Relocation dogged by unexpected challenges

Be wary of potential pitfalls when moving with a pet.

Moving from one part of town to another can trigger high levels of stress and anxiety.

Relocating to another city more than 1300km away with a pet throws up even bigger challenges.

My wife and I faced the task of moving from Townsville to Brisbane with our 10-year-old border collie Scout and, aware of the potential pitfalls, thought we had it all sorted.

We were not novices to this moving game. Previously we had relocated from Cairns to Hobart with our then 10-month-old son and, a couple of years later, from Hobart to Townsville.

So, moving ‘down the road’ to Brisbane should have been quite simple.

However, those moves were about 20 years ago and our memories of the experiences were dulled.

We were very organised and methodically checked off all the steps we needed to take ahead of the removalists rocking up with an empty shipping container and although long and tedious, the process was quite straightforward. 

Until it came to Scout.


The initial plan was to take two to three days to drive to Brisbane with Scout perched in the back of our hatchback.

I had taken him on a few ‘test drives’ and he seemed comfortable. However, as I mulled over the prospect of 15 hours in the car with Scout, factoring in the extra stops we would need and the difficulties of finding pet-friendly accommodation, it was decided we would drive and Scout would fly.

Booking him in for the journey with a pet carrier was simple enough and the company we chose was excellent to deal with. As we had not secured a house in a very tight Brisbane market (that’s another story), Scout had to be sent to a boarding kennel until we found a new home.

This was all organised by the pet carrier, but there was a hitch.

Scout needed to be vaccinated to stay in the boarding kennel. He had slipped out of the required timeframe for him to be considered effectively vaccinated. Bad human!

This meant he had to be treated as if he was never vaccinated.


Simple, I thought. Take him to the vet, get his needles and off we go.

Not so. We were told we had to wait two weeks for the vaccination to be considered effective by the boarding kennel.

This meant our departure from Townsville was delayed several days as we sat around waiting for his vaccination withholding period to expire. 

If you are facing a similar scenario, check with the boarding kennel what their policy is on vaccinations, as it can vary.


So, finally the day of departure arrived and I took Scout to the airport where he was surprisingly calm about getting into his travel cage before being loaded on to the plane and flown to Brisbane.

Once in Brisbane he was met by a representative of the pet carrier and taken to the boarding kennel.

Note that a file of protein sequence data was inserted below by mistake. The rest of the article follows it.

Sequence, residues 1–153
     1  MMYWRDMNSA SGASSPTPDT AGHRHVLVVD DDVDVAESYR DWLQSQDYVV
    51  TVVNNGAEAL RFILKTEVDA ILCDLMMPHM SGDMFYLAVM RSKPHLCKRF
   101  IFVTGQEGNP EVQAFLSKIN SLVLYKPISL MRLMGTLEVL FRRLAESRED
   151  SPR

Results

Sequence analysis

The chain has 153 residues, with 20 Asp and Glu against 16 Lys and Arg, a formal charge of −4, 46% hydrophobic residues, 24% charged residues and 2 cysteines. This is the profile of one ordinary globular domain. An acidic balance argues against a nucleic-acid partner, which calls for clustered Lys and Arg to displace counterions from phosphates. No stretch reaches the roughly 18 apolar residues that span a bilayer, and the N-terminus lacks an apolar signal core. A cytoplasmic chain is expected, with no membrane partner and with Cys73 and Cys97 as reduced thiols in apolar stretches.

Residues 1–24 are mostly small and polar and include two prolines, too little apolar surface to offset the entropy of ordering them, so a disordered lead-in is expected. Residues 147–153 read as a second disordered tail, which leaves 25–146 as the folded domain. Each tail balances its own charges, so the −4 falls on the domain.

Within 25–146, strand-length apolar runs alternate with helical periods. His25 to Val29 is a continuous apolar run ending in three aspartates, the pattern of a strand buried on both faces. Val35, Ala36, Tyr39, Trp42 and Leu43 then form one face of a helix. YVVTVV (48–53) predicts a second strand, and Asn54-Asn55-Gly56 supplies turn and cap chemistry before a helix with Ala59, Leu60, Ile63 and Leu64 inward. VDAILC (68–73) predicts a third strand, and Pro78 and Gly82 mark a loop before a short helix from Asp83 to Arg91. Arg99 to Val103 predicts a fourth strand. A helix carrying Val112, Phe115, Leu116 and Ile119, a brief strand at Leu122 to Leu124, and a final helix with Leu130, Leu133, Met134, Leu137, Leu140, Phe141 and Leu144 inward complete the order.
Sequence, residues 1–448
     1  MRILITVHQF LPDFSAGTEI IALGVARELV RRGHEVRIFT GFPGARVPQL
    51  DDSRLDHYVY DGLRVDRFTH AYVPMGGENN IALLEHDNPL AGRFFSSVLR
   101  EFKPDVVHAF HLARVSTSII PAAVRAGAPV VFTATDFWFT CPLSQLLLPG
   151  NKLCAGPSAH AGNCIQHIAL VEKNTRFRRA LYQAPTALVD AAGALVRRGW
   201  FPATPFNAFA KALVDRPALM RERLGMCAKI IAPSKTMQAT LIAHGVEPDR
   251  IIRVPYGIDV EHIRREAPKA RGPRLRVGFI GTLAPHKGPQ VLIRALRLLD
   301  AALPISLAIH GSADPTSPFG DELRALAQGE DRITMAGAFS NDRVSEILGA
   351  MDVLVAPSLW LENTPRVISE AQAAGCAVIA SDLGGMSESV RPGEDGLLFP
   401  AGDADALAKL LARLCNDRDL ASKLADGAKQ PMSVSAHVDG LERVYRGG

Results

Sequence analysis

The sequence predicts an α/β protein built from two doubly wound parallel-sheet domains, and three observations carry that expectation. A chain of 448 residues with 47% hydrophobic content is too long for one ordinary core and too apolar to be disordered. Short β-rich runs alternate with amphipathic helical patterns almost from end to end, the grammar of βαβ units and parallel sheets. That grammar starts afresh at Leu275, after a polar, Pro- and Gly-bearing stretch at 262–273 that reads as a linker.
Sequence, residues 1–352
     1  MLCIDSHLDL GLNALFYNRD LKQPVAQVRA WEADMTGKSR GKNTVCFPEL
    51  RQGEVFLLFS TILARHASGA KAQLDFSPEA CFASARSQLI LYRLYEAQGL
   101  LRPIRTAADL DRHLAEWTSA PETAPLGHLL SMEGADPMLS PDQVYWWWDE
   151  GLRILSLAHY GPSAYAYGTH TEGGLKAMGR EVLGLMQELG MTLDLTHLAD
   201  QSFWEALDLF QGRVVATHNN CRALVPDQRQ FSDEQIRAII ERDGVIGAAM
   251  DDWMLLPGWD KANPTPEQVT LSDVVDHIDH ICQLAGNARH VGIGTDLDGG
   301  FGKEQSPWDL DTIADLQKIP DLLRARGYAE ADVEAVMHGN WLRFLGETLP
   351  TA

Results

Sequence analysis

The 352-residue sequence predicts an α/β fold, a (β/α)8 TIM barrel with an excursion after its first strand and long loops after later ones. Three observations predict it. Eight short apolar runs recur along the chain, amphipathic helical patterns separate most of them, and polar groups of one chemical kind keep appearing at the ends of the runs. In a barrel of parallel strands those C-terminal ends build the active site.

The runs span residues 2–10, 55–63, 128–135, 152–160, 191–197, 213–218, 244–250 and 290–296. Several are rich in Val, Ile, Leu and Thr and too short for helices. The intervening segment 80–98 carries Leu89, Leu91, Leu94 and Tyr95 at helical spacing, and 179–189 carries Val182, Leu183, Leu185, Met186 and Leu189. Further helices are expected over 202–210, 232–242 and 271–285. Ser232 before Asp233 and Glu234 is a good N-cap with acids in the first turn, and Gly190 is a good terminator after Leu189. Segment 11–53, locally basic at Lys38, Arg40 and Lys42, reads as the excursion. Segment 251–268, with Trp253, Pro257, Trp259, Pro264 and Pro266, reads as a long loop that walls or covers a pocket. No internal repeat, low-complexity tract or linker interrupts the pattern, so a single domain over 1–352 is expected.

This is where he spent the next five weeks as we travelled around Brisbane looking for suitable accommodation.

Having a dog immediately rules you out of many properties and even the ones who say ‘pets considered’ are likely to overlook your application if you are up against an applicant who does not have a pet.

And you can expect no special treatment if your dog spends his life outside, just an eye-roll from the agent followed by: “That’s what they all say.”

Our story has a happy ending.

We eventually found a nice house that met the needs of my wife and I, and Scout.

It took him less than a day to settling into his new surroundings and now, after a couple of weeks, has made himself right at home.

It’s a dog’s life.

Advice for moving with pets

Handy hints when moving house with a pet from Animal Welfare League Queensland:

  • Learn how to train, socialise and entertain your dog/cat to become confident, well-mannered, and friendly so that he/she can settle happily into a new environment without causing fear or nuisance to landlords or neighbours.
  • Get references for your dog in advance from your veterinarian or dog obedience instructor or previous landlord.
  • Find real estate agents who are sympathetic to helping people with pets so that you can go to them when you need them.
  • Consider neat but older properties without well-manicured gardens – owners of these properties are often more open to tenants with pets
  • Choose a location that most suits your ability to exercise your dog and keep your cat/dog safe and happy.
  • Ask friends or family members in advance to identify who will care for you and your animal temporarily if you have to shift with little notice.
  • Don’t give up – your dog/cat is part of your family and so should stay with you provided you love and care for him/her.